PhD: Improving soil biology derived ecosystem services

Cranfield University
Cranfield, Bedford
A bursary of up to £14,296 plus fees (UK/EU student) per year for three years.
May 23, 2018
Jul 23, 2018
Contract Type
Full Time
Job Type
PhD / Doctoral

Gardeners in the UK are keen to grow healthy plants and recognise the need to maintain good quality healthy soils in order to achieve this.  Subsequently, they often choose to apply organic materials, often obtained from composting locally sourced materials, in order to add plant beneficial nutrients and improve soil structure.  Once they have identified a material that works they tend to re-apply the same material year on year.  However, there is paucity of information regarding the impacts of such repeated applications for ornamental horticulture on soil biology, or on the implications of these effects on wider ecosystem services.  Benefits may include improved carbon storage and therefore playing a role in climate control, improved nutrient cycling to help support plant growth, as a habitat for soil organisms (biodiversity) and flood prevention through increased pore space and earthworm activity.  Hence, the biology in garden soils may provide an important but as yet undefined role in environmental protection and the delivery of ecosystem services.

This project will utilise a 10year field trial located at The Royal Horticultural Society (RHS) Wisley Garden to investigate the effects of long-term organic material application to soil biology (specifically earthworms and microbiology), and relate this information to key soil functions. The student will also be given the opportunity to develop their own experiments to investigate specific benefits but on shorter time-scales.

This research aims to determine whether the long-term application of singular types of organic materials benefits the soil biology (earthworms and microbiology), and investigate whether any effects identified are likely to provide wider societal benefits (ecosystem services).

The research will impact both academia and the horticultural industry.  The student will be encouraged to publish in internationally recognised academic journals and present at international conferences.  Findings will also be disseminated to the horticultural industry via the RHS website (receives 40,000 hits a day) and grey literature (circulated to its 480,000 members), presenting at RHS and other events such as the Chelsea Flower Show and Hampton Court. The horticultural industry will benefit through improved evidence based knowledge regarding sustainable management practice.  Findings will also benefit gardeners by improving soil biology education and influencing their decisions regarding the management of their garden soil.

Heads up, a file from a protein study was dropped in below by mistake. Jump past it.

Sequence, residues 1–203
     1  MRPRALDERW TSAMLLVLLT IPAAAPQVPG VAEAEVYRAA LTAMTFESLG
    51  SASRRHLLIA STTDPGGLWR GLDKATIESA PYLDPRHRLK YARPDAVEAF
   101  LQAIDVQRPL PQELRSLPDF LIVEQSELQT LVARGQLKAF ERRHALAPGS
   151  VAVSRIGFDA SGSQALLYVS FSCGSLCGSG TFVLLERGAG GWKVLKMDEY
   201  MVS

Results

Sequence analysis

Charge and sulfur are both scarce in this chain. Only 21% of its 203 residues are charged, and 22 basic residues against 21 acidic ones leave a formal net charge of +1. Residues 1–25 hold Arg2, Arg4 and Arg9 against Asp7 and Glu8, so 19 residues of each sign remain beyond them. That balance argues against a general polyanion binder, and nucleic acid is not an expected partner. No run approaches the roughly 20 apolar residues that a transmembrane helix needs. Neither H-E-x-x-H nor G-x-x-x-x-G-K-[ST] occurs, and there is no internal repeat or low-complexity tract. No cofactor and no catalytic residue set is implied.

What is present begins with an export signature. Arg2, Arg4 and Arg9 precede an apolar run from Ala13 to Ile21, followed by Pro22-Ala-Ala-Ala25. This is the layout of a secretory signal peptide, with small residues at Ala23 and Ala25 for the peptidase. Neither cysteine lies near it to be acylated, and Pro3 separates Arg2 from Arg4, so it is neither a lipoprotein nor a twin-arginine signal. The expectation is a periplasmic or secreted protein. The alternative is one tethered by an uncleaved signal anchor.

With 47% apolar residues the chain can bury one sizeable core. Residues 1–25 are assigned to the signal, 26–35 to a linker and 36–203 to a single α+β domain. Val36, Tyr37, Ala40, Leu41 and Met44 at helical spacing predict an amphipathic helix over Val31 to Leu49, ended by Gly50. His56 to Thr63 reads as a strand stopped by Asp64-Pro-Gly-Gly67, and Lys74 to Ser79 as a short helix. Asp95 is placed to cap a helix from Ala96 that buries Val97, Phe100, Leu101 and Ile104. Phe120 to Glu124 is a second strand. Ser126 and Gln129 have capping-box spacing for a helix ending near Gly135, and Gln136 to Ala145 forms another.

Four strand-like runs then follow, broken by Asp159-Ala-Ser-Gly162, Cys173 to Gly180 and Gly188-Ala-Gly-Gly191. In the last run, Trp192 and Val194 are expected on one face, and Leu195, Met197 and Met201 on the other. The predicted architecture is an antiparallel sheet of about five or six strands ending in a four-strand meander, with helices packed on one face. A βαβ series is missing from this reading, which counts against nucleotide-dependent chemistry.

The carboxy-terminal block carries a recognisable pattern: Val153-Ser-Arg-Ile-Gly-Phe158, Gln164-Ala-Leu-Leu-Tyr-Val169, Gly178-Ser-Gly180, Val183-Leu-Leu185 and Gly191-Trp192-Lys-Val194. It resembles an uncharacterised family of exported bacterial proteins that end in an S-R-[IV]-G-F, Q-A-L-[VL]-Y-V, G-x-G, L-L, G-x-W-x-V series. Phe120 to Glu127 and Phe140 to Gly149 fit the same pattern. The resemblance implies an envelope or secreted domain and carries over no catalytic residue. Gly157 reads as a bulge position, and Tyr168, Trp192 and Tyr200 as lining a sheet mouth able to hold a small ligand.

This research offers an opportunity to be involved with horticultural research through collaboration with the RHS, thus improving knowledge exchange between the horticulture industry and academia while gaining a unique insight into horticulture policy.  Both Cranfield University and RHS have an extensive PhD support mechanism and supporting facilities. Cranfield commitment to soil science is demonstrated by recently being awarded the Queen`s Anniversary Prize 2017 for Soil Research, and development of two new £3M agricultural technology centres that complement existing facilities. Similarly in 2014 the RHS began a strategic investment programme £100m into infrastructure and facilities around its 5 gardens. The PhD student will have access to training and facilities at both Cranfield University and the RHS.

The student will gain hands-on practical horticultural skills, including project management, experimental design and laboratory skills. The student will have access to Cranfield’s Doctoral Training Network which provides a platform of research skills development, and to a Learning and Development team. Academic skills gained will include scientific writing, specialist analytical skills, data management, statistical analysis, and presentation delivery. Media skills will also be offered as it is important to be able to disseminate knowledge to the wider public as well as specialist horticulturalists and academics. Access to a wide post-doctoral community will provide opportunities to network thus improving employment prospects.